While most of the characters are pretty good and the visual look of each dragon is staggeringly varied, the dialogue can be horrendously clunky. There’s too much of a tendency for characters to say what they’re feeling, which leaves the rest of the story disappointingly predictable.

While it’s not as funny as it could be, there are a few laughs here and there to be had, but most of the time you’ll be busy marvelling at the excellent action scenes, an effect that is magnified with the use of 3D technology. It creates a great illusion of being close to the combat – quite an achievement for a kids’ film about a buffoon and his dragon.

Kids will love the fantasy, adults will like the animation. If the characters were slightly deeper and the laughs were more frequent, this would be one for everyone. As it is, it’s just going to have to settle for being a crowd-pleaser.

3 stars

Avatar

In 3D, this is a cinematic spectacle the likes of which will never be seen again. Sadly, the story sucks seven ways to Sunday and it’s got predictability stamped all over it in big letters. Still, if you can watch it in 3D, do it.

4 stars

Sherlock Holmes

A cast so strong they could lift buildings with their talent combine on a story that’s so rich it could feed a whole continent. However, Rachael McAdams and Mark Strong are both completely underused, while some of the sleuthing is relegated to the background for the sake of looking smarter than it actually is. Sequel now.

4 stars

Edge of Darkness

Mel Gibson stars in a revenge thriller where all the mysteries have obvious answers and everyone is a massive dick. Tries to have the emotional depth of The Constant Gardener, wants to have the action-tastic pace of Taken, ends up as messy and bloated as The Departed. Written by the same guy, too.

3 stars

Princess and the Frog

Nice to have an old-style animated film once in a while, but this is unlikely to restart a craze. A few good characters and a couple of decent jokes, but too many songs and too much lag in the script weigh the whole thing down. Still, retro’s nice now and again.

3 stars

Valentine’s Day

A portmanteau film where everyone is somehow connected to everyone else, starring a huge number of talented actors, as well as Jessica Alba. A few neat twists manage to elevate it up above crapness, but the film is too mushy and preachy for its own good. Bradley Cooper is one to watch out for – clearly the thinking woman’s Robert Pattinson.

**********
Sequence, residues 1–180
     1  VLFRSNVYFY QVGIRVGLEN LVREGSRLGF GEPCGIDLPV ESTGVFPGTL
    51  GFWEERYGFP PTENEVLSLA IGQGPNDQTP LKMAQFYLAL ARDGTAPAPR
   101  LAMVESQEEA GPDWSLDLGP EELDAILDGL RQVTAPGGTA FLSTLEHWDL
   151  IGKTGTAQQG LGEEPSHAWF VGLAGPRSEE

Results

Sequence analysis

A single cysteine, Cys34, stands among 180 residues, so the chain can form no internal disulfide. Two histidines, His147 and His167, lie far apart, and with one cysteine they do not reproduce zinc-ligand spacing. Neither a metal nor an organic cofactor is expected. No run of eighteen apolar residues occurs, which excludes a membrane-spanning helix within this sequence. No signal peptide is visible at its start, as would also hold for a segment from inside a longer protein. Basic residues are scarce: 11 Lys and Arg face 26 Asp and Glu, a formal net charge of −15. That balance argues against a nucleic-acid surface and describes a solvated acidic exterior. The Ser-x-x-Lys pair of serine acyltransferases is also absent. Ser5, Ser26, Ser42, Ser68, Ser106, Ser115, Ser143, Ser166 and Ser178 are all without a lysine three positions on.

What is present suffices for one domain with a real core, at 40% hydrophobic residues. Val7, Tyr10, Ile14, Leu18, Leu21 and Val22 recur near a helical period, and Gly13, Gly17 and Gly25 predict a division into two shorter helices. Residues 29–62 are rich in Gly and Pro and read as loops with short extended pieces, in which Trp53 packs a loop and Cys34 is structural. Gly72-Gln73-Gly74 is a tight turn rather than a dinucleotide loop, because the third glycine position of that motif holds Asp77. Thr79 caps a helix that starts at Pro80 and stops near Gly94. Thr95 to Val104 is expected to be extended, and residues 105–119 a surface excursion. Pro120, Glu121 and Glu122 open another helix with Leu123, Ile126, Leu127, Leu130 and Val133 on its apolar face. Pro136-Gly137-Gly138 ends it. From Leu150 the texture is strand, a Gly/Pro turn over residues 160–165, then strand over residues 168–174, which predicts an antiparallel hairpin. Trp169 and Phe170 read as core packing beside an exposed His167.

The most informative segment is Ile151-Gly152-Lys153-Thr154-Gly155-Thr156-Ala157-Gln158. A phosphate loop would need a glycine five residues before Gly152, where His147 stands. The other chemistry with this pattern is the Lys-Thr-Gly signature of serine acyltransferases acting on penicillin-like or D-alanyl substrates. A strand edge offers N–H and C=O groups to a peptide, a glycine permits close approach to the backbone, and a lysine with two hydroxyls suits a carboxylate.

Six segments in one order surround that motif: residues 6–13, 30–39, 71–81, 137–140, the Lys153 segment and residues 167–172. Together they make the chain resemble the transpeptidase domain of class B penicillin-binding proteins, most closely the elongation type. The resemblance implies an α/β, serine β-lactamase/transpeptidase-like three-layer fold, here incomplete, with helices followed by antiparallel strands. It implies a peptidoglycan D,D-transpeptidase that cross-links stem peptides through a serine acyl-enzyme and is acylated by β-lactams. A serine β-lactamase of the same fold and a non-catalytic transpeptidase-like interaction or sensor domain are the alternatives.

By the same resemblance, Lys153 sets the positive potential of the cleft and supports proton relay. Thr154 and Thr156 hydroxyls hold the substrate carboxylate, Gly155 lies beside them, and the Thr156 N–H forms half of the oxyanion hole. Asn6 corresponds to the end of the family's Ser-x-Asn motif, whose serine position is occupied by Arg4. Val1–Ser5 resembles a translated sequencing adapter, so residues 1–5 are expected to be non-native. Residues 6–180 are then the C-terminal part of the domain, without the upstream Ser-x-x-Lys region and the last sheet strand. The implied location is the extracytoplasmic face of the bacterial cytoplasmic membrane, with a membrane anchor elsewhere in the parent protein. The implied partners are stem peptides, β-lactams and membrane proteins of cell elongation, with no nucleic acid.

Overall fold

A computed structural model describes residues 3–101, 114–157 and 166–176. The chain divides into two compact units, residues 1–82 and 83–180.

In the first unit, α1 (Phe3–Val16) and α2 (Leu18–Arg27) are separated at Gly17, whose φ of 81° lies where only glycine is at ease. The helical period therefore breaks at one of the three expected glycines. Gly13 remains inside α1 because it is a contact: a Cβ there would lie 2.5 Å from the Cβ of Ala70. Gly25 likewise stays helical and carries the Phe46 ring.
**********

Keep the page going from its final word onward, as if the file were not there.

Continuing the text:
2 stars

Kick Ass Review

Superheroes wouldn’t survive long in today’s world. It’s fine for Batman, Superman, Spider-Man, X-Men and the like to preach about not killing their enemies, but it wouldn’t solve anything. Evil should be eliminated, not scolded – maybe the Punisher got it right.

Here to evolve the idea of a superhero is Dave Lizewski, (Aaron Johnson) a high school student whose only reaction to crime is to want to kick its arse. After having enough of being robbed at school, mugged on the street and standing by as the same is done to others, Dave buys a wetsuit online and becomes the superhero vigilante Kick Ass.

Unfortunately for Dave, the only real powers he has are courage and a slightly elevated pain threshold – he can’t even weild his baton weapons effectively. However, that doesn’t matter after he’s filmed standing up to a group of thugs – Kick Ass becomes an instant internet hit, a symbol of truth in a world of lies.

Sadly, this is just the beginning of Dave’s problems as there are already two superheroes operating in secret – ex-cop Big Daddy (Nicholas Cage) and his arse-kicking daughter Hit-Girl (Chloe Grace Moretz). The two are sworn enemies of drug baron Frank D’Amico (Mark Strong) and his son Chris (Christopher Mintz-Plasse), a loner who chooses to become supervillain Red Mist. Worse still, Dave’s love interest Katie (Lyndsy Fonseca) believes him to be gay.

There is no part of this film that doesn’t work. Absolutely everything is pitch-perfect – the casting, acting, directing, editing, writing, costumes, sound, music, design – all of it is completely brilliant, utterly hilarious and one hundred percent convincing.

Every character is fully three dimensional, with depth, personality and traits oozing out of every pore. It’s a story made up of stories, with all the cast combining to form a wonderfully satisfying whole. The good guys are likeable and sympathetic, the bad guys detestable yet motivated and even non-costumed characters Clark Duke and Even Peters provide non-stop laughs with their very presence. Particular stand-outs include Big Daddy’s twisted and hilarious, yet ultimately believable and loving relationship with Hit-Girl, as well as Chris’ utterly convincing character arc. Massive props, too, to the burly bouncer played by wrestler Nelson Frasier Jr, whose every line is hysterical.

The plot is mature and intelligent, seeing Kick Ass accidentally getting dragged into a world he’s not ready or prepared for. Everything in it makes sense and it rattles along with the speed of a runaway freight train – not bad for a film weighing in at just under two hours.

The best part is the sense of realism that surrounds the whole thing. The best shot, the best fighter, the strongest, the fastest, the smartest always win, no exceptions. A child, couldn’t fist fight an adult in real life and the same is true here, only much funnier and more violent.